Another part of the reason for staying is that it lets sourcing remain local. “All the materials we use are primarily sourced in the United States, a lot of the leather comes from right here in Maine at a tannery, other parts of the Midwest, the shearling is from Texas, we produce our own boot bottoms,” says Smith. “The steel comes from local artisans who work for us.”
The second reason that the boot keeps selling out is that it’s not as easy to find shoe makers in Maine as it used to be. “Brunswick was famous for footwear. They had a lot of shops that were building hand-sewn footwear… but as shoe shops went away in the U.S. the skill went along with it,” says Haines. For that reason, scaling up has become more difficult than in the past, when L.L. Bean could simply find workers in the area.
“Freeport, which is where the boot began, that really was the shoe capital,” says Smith. “There was a dozen or more companies and brands of shoes that were made in those factories. Some of those are heritage brands, but they’re not made in Freeport anymore—like Eastland and Cole Haan are both shoe companies that started in Freeport.”
As the skills gap grew in the Brunswick area, L.L. Bean started training its own workforce through a program that takes an average of six months to complete. “The challenge for us right now is that the needle trades (stitching industry) just diminished over time in the U.S. and it’s hard to find skilled labor, and we have to establish training programs that can take somebody who has never stitched in their life and teach them how to make boots,” says Haines.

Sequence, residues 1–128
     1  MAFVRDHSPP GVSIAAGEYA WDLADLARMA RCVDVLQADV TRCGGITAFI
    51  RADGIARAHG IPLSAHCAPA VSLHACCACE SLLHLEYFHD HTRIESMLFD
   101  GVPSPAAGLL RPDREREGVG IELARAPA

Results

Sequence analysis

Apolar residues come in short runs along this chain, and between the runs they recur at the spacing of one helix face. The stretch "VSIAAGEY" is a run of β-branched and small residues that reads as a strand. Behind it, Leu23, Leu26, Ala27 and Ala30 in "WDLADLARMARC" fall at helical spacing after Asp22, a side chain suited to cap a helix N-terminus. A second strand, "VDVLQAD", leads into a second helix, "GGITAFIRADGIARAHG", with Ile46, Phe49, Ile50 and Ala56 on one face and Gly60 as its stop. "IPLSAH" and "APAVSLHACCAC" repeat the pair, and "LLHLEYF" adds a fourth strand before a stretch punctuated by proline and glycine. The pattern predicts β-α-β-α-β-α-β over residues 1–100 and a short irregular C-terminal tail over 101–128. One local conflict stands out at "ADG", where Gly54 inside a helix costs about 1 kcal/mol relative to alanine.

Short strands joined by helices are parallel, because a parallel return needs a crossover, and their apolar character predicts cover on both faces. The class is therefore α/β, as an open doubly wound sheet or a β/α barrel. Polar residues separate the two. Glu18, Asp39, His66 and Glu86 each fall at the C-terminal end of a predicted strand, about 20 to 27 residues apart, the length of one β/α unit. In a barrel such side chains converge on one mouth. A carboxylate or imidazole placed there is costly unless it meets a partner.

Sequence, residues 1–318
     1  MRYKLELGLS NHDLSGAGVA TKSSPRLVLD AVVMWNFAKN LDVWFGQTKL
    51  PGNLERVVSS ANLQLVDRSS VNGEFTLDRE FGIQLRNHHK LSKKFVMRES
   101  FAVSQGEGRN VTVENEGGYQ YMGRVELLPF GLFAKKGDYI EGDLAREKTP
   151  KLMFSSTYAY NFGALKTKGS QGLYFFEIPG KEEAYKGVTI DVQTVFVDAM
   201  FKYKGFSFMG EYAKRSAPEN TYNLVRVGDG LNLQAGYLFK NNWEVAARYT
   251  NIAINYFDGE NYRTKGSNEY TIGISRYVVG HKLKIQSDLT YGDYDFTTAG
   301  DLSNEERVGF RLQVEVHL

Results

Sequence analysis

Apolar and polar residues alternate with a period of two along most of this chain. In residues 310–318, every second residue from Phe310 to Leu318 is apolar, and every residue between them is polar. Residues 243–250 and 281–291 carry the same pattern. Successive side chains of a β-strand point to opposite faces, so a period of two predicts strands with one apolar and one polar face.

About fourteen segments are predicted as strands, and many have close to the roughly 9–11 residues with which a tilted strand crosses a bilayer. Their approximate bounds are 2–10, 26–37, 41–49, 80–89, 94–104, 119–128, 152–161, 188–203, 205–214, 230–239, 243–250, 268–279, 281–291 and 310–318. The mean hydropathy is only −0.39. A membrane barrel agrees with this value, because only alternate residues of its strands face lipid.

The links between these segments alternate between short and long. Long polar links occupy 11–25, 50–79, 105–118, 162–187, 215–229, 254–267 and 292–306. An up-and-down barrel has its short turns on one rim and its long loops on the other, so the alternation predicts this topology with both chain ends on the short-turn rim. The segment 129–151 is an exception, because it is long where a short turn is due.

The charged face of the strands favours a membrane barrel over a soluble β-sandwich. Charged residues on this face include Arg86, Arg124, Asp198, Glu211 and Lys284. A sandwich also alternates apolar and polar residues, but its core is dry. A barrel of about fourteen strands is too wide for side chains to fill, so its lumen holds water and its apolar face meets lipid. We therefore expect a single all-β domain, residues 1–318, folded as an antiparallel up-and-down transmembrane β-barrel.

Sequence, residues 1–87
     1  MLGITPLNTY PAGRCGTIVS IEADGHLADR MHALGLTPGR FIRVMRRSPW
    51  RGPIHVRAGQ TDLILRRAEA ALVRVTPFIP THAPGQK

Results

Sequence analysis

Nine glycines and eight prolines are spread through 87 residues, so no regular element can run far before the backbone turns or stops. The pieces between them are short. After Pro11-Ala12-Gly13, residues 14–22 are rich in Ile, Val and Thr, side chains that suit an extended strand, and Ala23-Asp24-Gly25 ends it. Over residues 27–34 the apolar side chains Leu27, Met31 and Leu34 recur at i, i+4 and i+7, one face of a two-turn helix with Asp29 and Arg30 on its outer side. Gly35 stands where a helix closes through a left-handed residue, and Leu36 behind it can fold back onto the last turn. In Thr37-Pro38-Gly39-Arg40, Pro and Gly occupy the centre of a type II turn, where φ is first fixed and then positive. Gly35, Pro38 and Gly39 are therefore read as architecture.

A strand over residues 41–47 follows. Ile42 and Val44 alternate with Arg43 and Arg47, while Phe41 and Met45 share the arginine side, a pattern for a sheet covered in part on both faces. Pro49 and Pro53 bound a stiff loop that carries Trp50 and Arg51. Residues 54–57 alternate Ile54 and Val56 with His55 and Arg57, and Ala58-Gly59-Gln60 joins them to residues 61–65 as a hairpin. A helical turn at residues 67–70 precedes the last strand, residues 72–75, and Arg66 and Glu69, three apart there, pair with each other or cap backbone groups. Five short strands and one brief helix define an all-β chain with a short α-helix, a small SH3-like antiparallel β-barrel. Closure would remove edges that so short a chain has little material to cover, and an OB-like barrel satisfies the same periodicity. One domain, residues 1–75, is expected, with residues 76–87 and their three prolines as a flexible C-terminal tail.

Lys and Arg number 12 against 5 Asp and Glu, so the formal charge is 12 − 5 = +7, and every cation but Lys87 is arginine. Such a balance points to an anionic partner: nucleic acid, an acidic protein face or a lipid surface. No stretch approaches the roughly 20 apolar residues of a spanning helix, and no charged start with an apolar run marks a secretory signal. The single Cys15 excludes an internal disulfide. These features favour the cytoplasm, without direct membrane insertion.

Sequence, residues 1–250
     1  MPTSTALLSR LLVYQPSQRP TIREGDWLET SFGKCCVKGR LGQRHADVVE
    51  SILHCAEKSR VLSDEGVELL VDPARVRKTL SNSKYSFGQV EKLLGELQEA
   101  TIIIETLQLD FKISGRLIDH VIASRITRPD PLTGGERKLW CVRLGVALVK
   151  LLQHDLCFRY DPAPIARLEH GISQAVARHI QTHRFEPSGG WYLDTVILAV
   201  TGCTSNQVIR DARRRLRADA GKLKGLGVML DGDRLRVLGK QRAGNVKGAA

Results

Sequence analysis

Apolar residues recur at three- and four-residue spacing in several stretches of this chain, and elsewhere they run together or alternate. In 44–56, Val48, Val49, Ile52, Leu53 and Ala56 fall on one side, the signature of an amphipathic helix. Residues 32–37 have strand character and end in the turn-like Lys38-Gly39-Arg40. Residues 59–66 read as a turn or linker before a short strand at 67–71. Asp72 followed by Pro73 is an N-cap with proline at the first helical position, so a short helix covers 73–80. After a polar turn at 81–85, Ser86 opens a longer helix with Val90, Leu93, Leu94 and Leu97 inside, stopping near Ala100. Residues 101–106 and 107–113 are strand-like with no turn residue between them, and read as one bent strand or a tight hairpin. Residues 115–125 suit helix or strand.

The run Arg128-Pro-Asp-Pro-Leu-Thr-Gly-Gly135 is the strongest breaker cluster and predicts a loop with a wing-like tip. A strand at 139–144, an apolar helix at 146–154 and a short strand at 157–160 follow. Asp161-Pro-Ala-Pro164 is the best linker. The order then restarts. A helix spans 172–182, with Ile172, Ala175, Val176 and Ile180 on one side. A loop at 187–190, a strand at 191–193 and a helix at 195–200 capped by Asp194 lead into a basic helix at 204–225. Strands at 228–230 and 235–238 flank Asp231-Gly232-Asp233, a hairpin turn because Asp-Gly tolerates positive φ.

Despite this, the company is making more duck boots than ever in its history. This year’s production schedule is set to hit half a million pairs of duck boots, more than three times the number of boots L.L. Bean made in 2005. While that’s a lot, the company can’t scale up production all that quickly.
Nor does it seem to particularly want to. Haines says that building your own workforce means considering what happens if that overwhelming demand suddenly goes away. “It’s gone on for five years, so there’s got to be some skepticism about how long that can last,” said Haines. “We’re building our own strength up with the resources that we have, so we’re really sensitive to opening up, starting up something that doesn’t have a lot of stability attached to it.”
Additionally, one benefit of the company’s current predicament may be that, as researchers have shown, waiting for a product makes people place a higher value on it. “I think that one of the things that’s so interesting is that it’s really the opposite of fast fashion, because these are really made to last,” said Smith. “They’re made to last not just years, but literally, generations. I mean, we have people that are going to school, to college, in their father’s L.L. Bean Boots that are 30 or more years old.”
For now, demand is still definitely going strong. After my tour of the L.L. Bean factory, I drove 15 minutes south to the L.L. Bean flagship megaplex in Freeport to see if I could secure a pair of the duck boots. After going through the oar-handle doors, past the manmade lake with fake geese, and past the artificial-rock walkway that’s placed inside for Bean Boot testing, I asked a male store clerk for the signature tan-colored shearling-lined Bean Boot. They didn’t have my size. The clerk said the earliest I could have the boots is January 4th—but that I had better order soon.